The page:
peak, and then declines. Behavioral changes coincide with this changing drug concentration.
- Figure 3 - 4: Behavioral effects of repeated doses of
- Repeated doses of a drug maintain the drug in the system, but the plasma concentrations
cycle above and below the average level. Behavioral changes follow these fluctuations in plasma
concentration of the drug.
- Figure 3 - 5: Effects of a drug depend upon initial rates of
- The law of initial values refers to the different drug effects that are seen when the initial rates
of behavior are different.
- Figure 3 - 6: Effects and side effects of drugs
- A variety of different effects can be seen with increases in the plasma concentration of a
drug. In some cases, these differences in effect might be desirable (e.g., effect A and effect B).
Along with these, some combination of undesirable effects (side effects C, D and E) might also
- Figure 3 - 7:
Effects of epinephrine and acetylcholine on blood pressure
- Epinephrine and acetylcholine each produces dose-related changes in blood pressure, but by
Low doses of epinephrine act on beta receptors and decrease blood pressure by
High doses of epinephrine act on alpha receptors and increase blood pressure by
Low doses of acetylcholine act on muscarinic receptors and decrease blood pressure by
High doses of acetylcholine act on the nicotinic receptors of the autonomic ganglia and
increase blood pressure indirectly through activation of the sympathetic nervous system.
- Figure 3 - 8: The blood-brain barrier
- The blood-brain barrier protects the brains from certain classes of compounds while allowing
other classes of compounds to have free access.
- Figure 3 - 9: Summary of the effects of drugs on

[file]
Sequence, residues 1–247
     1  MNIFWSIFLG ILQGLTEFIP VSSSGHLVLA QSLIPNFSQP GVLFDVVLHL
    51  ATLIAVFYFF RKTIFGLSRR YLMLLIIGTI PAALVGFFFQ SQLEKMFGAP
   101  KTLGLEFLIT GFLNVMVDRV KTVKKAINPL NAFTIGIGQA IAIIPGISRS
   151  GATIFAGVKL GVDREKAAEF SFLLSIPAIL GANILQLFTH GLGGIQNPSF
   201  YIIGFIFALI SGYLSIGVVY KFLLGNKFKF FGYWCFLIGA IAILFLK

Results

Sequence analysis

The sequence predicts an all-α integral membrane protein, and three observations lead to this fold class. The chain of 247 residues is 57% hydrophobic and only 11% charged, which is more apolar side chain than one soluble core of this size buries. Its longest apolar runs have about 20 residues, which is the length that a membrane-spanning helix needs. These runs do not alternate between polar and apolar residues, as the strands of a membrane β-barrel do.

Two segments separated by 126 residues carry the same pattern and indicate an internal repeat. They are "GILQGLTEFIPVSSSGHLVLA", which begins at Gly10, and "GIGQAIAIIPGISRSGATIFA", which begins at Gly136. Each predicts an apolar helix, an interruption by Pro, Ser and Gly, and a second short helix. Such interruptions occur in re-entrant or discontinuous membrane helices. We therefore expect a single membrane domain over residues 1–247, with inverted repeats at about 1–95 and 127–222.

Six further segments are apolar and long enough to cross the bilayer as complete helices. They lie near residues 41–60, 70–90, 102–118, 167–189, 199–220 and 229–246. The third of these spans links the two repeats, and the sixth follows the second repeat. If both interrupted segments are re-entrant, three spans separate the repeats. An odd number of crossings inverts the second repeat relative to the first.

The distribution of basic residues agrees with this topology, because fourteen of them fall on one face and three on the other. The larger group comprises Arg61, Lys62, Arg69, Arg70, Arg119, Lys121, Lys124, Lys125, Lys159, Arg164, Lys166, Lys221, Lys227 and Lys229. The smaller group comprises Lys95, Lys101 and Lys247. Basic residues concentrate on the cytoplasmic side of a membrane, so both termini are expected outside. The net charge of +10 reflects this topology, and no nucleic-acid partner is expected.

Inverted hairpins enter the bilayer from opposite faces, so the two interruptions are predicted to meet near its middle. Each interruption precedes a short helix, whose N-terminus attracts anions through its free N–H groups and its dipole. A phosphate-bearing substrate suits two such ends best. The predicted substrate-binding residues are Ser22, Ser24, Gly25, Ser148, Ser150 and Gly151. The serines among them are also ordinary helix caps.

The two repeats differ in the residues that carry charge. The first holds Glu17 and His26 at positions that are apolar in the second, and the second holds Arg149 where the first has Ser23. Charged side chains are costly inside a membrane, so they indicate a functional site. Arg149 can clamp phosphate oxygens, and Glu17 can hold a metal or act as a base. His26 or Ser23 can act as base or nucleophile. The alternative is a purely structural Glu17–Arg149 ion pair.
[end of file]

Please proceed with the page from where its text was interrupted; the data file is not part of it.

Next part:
- Summary of the major biochemical effects that drugs may have at the synapse:
1. Precursor compounds
2. Synthesis blockade
3. Transmitter depletion
4. Prevention of release
5. Receptor inhibition
7. Inactivation blockade
8. Reuptake blockade
9. False transmitters (+)
10. False transmitters (-)
11. Conduction blockade
- Figure 3 - 10: The interrelationships of molecular structure,
biochemical activity and behavioral effect
- The interrelationships of the drug classifications that are based on drug effects, drug actions,
and drug structures:
A. Consistent relationships suggest biochemical substrates for particular behaviors.
B. Consistent structure-activity relationships suggest chemical structures for synthesis of related
C. Consistent relationship suggests that the drugs within a particular class may share a common
Chapter 4 (Go to beginning of figure
- Figure 4 - 1:
Pavlovian fear conditioning
- Three types of Pavlovian conditioning procedures for modeling of fear:
Delay conditioning. Conditioned responses, including fear, begin to occur during the CS
presentation before the US is presented.
Long-delay conditioning. Conditioned fear responses move forward in time during long
CS presentations and, with continued training, reach maximal levels during the interval
just preceding the presentation of the aversive US.
Trace conditioning. Conditioned fear can be observed during the interval when only the
trace, or memory, of the CS is present.
- Figure 4 - 2:
Shuttle box instrumental fear conditioning
- The shuttle box is one of the standard pieces of apparatus for studying learned responses to
One-way escape conditioning is very simple, requiring only that the subject move to the
other end of the chamber to escape the ongoing electric shock.
One-way avoidance conditioning adds an explicit warning signal (CS) that shock will
begin shortly, providing an opportunity to move to the safety zone and avoid the electric